15

I'm currently trying to roll my own "marshal" code for python so i can store compiled python code on Google App Engine to serve scripts on a dynamic way. As you all can verify, "marshal" isn't supported on GAE and "pickle" can't serialize code objects.

I found out i can construct a code object with types.CodeType() but it expects 12 arguments.

As much as i've tried, i can't find any documentation on this call and i really need to construct the code object so i can exec() it. My question is, does anyone know what are the parameters for this types.CodeType() "constructor" or any way to introspect it? i have used the info() function defined here but it spits out just generic info!

Quick FAQ:

  • Q: Why compile the code?
  • A: CPU time costs real money on Google App Engine, and every bit of CPU cycles i can save counts.
  • Q: Why not use "marshal"?
  • A: That's one of the unsupported modules in Google App Engine.
  • Q: Why not use "pickle"?
  • A: Pickle doesn't support serialization of code objects.

UPDATE

Google App Engine infrastructure doesn't allow the instantiation of code objects as of 7th July 2011, so my argument here is moot. Hope this gets fixed in the future on GAE.

  • can you explain what exactly you are trying to do? what you will do with pickled code? – Anurag Uniyal Jul 7 '11 at 15:06
  • 1
    I wish every question was a little more like this. – Trufa Jul 7 '11 at 15:07
  • @Anurag Uniyal: I'm running "managed" code on Google App Engine infrastructure, that code comes from a frontend where coders can program directly on the browser, and the code gets compiled on the fly to check for syntax/type errors (much like Cloud9 but for GAE). I don't want to recompile the code on execution because the spikes of recompilation can shatter my CPU quota and my wallet. The idea is to get the bytecode (which i already have) and run it with a sandboxed environment. – Chiguireitor Jul 7 '11 at 15:12
  • @something: That code helps a lot! thank you! however, the "new" module is deprecated on 2.6 and the python runtime for GAE is about to change to 2.7 so i have to know the exact order of arguments for type.CodeType – Chiguireitor Jul 7 '11 at 15:13
  • @Chiguireitor: I removed the need for the "new" module and posted it as an answer. Hope it helps. – aukaost Jul 7 '11 at 15:19
5

I went and took the code found here and removed the dependency for the deprecated "new" module.

import types, copy_reg
def code_ctor(*args):
    # delegate to new.code the construction of a new code object
    return types.CodeType(*args)
def reduce_code(co):
    # a reductor function must return a tuple with two items: first, the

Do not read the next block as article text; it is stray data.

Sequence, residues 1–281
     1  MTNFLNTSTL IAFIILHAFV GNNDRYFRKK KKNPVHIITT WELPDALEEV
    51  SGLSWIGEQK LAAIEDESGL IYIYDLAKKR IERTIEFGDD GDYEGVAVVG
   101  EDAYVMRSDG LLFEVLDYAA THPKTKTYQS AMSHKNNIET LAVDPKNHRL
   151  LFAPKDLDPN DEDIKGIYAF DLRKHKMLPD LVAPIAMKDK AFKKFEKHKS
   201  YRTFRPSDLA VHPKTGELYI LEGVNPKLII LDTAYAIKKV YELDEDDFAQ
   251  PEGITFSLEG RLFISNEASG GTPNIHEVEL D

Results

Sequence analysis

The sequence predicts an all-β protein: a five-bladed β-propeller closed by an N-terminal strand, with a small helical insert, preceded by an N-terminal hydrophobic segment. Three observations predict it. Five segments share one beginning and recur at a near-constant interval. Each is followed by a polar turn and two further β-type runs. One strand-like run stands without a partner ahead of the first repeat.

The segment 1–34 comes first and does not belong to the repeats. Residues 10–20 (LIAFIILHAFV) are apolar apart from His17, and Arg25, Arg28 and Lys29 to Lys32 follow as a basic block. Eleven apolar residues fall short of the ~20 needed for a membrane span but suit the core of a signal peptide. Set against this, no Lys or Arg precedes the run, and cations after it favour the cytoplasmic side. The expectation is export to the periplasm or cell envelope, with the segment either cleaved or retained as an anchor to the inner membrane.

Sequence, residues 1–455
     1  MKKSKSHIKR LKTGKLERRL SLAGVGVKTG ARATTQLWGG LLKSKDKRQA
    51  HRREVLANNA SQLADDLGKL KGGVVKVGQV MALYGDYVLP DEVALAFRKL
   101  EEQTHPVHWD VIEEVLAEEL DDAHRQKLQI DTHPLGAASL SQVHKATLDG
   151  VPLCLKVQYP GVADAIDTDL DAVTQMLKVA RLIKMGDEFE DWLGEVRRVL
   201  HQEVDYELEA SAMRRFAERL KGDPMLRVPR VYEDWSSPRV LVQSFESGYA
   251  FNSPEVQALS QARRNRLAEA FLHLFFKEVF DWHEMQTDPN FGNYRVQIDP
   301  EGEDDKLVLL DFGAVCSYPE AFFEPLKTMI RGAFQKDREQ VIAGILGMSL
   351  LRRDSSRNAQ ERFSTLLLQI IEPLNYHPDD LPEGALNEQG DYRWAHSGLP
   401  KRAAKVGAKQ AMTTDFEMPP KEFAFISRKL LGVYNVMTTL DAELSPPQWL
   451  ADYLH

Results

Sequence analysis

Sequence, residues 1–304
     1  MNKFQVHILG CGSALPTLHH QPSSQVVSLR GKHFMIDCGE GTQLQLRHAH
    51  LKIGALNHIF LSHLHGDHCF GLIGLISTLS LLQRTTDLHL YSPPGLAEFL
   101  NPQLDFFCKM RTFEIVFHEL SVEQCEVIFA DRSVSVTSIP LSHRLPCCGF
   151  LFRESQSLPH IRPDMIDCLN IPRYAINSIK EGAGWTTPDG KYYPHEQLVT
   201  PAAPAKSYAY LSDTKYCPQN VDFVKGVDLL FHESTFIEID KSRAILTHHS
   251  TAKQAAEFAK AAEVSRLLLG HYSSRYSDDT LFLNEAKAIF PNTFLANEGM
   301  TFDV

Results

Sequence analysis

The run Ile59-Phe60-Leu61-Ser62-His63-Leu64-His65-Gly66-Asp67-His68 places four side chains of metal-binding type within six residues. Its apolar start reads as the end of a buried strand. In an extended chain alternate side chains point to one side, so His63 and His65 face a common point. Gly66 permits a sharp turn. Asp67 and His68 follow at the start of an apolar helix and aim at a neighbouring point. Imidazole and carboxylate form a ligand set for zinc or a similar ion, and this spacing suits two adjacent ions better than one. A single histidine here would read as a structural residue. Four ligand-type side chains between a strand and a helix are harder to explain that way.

# constructor function to be called to rebuild the argument object
    # at a future de-serialization time; then, the tuple of arguments
    # that will need to be passed to the constructor function.
    if co.co_freevars or co.co_cellvars:
        raise ValueError, "Sorry, cannot pickle code objects from closures"
    return code_ctor, (co.co_argcount, co.co_nlocals, co.co_stacksize,
        co.co_flags, co.co_code, co.co_consts, co.co_names,
        co.co_varnames, co.co_filename, co.co_name, co.co_firstlineno,
        co.co_lnotab)
# register the reductor to be used for pickling objects of type 'CodeType'
copy_reg.pickle(types.CodeType, reduce_code)
if __name__ == '__main__':
    # example usage of our new ability to pickle code objects
    import cPickle
    # a function (which, inside, has a code object, of course)
    def f(x): print 'Hello,', x
    # serialize the function's code object to a string of bytes
    pickled_code = cPickle.dumps(f.func_code)
    # recover an equal code object from the string of bytes
    recovered_code = cPickle.loads(pickled_code)
    # build a new function around the rebuilt code object
    g = types.FunctionType(recovered_code, globals( ))
    # check what happens when the new function gets called
    g('world')
  • 1
    That helped a lot @something, thank you... Had to fiddle with the type.CodeType to make it work. The argument list is exactly like the one here – Chiguireitor Jul 7 '11 at 15:45
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    It took me a bit to realize how this fits together with my answer: there are two optional arguments, freevars and cellvars. I assume they were added later. – tjollans Jul 7 '11 at 15:51